Baylor-led Study Examines COVID-19’s Effects on Pediatric Advanced Practice Registered Nurses

The pandemic has fundamentally changed pediatric care delivery in the United States, a new study says.

Pediatric Advanced Practice Registered Nurses (APRNs) not only deal with mental health issues from COVID-19 like their counterparts who treat the adult population, but they experience some stressors unique to their specialty, according to a new study led by Jessica Peck, DNP, APRN, CPNP-PC, CNE, CNL, FAANP, FAAN, clinical professor at Baylor University’s Louise Herrington School of Nursing.

Exhausted and Burnt Out: COVID-19 Emerging Impacts Threat the Health of the Pediatric Advanced Practice Registered Nurse Workforce, published in the Journal of Pediatric Health Care, examined the holistic effects of COVID-19 on pediatric APRNs through a survey of 789 participants.

While the effects of COVID-19 in children have not been as severe as in adults, or even as past outbreaks of communicable diseases, such as polio, the pandemic has fundamentally changed pediatric care delivery in the United States, Peck says in the study.

Pediatric APRNs and agencies are experiencing significant disruptions in care delivery, patient presentations, clinical practices, immunizations and revenue streams, the study said.

In addition, some pediatric APRNs have transitioned to work with adult populations “in an unprecedented way,” while others have been temporarily or permanently discharged due to increased demand for intensive care nurses and lower demand for primary care nurses.

“While the effects of physical illness on children have generally not been as severe as some historical precedents such as polio, they are certainly not spared,” Peck said in a press release.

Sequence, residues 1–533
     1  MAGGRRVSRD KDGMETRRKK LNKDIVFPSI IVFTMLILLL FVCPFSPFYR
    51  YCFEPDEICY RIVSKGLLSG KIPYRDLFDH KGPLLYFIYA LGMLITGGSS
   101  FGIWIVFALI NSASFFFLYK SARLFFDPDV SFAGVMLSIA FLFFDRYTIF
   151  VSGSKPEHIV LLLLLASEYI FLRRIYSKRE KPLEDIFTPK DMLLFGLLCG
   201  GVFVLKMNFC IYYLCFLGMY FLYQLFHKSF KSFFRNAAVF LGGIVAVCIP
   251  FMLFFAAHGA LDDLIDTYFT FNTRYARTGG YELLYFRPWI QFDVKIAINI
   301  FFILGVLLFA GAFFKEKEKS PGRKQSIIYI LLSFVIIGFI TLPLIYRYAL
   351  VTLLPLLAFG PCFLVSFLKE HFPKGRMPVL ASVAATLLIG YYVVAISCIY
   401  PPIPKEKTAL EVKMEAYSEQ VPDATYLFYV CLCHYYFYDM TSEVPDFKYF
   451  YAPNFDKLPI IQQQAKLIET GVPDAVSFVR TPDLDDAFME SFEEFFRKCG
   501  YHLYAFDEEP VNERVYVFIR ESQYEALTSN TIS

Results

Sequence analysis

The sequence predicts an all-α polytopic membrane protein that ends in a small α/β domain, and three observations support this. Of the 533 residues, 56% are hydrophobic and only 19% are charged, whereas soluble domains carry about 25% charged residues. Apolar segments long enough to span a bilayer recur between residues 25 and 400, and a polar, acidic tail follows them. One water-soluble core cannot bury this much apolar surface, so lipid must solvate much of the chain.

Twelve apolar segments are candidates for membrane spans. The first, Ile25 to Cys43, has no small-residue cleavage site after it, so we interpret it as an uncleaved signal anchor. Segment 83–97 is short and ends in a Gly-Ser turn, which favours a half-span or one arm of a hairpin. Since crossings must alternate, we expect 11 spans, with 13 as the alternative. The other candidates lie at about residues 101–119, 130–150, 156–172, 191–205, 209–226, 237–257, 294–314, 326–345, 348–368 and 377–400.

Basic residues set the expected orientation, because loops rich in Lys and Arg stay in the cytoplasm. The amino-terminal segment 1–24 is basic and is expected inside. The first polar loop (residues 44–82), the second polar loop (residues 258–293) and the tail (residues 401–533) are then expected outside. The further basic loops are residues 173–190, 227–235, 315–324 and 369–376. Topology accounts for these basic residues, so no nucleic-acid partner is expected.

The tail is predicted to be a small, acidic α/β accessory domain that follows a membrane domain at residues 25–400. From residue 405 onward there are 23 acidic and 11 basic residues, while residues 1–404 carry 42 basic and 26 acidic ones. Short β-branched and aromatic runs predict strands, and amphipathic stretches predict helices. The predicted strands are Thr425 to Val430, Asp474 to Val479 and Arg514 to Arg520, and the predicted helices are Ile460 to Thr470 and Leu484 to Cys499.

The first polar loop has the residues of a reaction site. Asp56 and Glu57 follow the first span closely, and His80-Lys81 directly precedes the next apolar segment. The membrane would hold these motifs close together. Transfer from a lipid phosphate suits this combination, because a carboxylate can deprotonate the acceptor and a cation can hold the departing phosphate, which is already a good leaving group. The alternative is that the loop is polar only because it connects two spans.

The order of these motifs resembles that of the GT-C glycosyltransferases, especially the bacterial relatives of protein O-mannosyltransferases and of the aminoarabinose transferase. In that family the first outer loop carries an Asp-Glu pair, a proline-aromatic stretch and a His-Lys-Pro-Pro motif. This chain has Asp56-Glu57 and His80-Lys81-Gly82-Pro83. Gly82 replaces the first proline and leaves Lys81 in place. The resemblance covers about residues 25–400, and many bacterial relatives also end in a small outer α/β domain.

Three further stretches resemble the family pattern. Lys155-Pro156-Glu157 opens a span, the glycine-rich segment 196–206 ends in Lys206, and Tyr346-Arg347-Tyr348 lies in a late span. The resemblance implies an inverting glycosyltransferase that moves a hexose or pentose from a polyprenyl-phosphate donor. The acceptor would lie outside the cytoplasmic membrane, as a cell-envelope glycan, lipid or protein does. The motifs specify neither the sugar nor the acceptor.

“Pandemic conditions have fundamentally changed the standards of pediatric care and as a profession we share collective concerns: severe COVID in children with pre-existing conditions, life-threatening multisystem inflammatory syndrome, disturbing differences in severity of illness and death, particularly for children of color who are responsible account for 75% of pediatric COVID-19 deaths, and free immunization rates with recovery are not yet in sight,” she said.

As with most nurses, the greatest impact of COVID-19 has been on the mental health of APRNs. The survey shows that 34% of respondents have moderate to extreme concern about professional burnout; 25% feel anxious or nervous; and 15% experience depression or hopelessness. Overall, 20% of the participants reported feeling moderate to extreme concern about their mental health.

“As a profession, many pediatric nurses work many more hours for much less compensation, isolated from professional networks. They learn new technologies and implement new policies in a short time with even less support. Pediatric clinics have been severely disrupted,” Peck said.

“Children’s hospitals received less than 1% of all federal aid funds provided to U.S. hospitals, leaving children without access to care,” she said. “All of this contributes to a destabilized pediatric infrastructure, which has a disproportionate impact on marginalized children.”

Carol Davis is the Nursing Editor at HealthLeaders, an HCPro brand.

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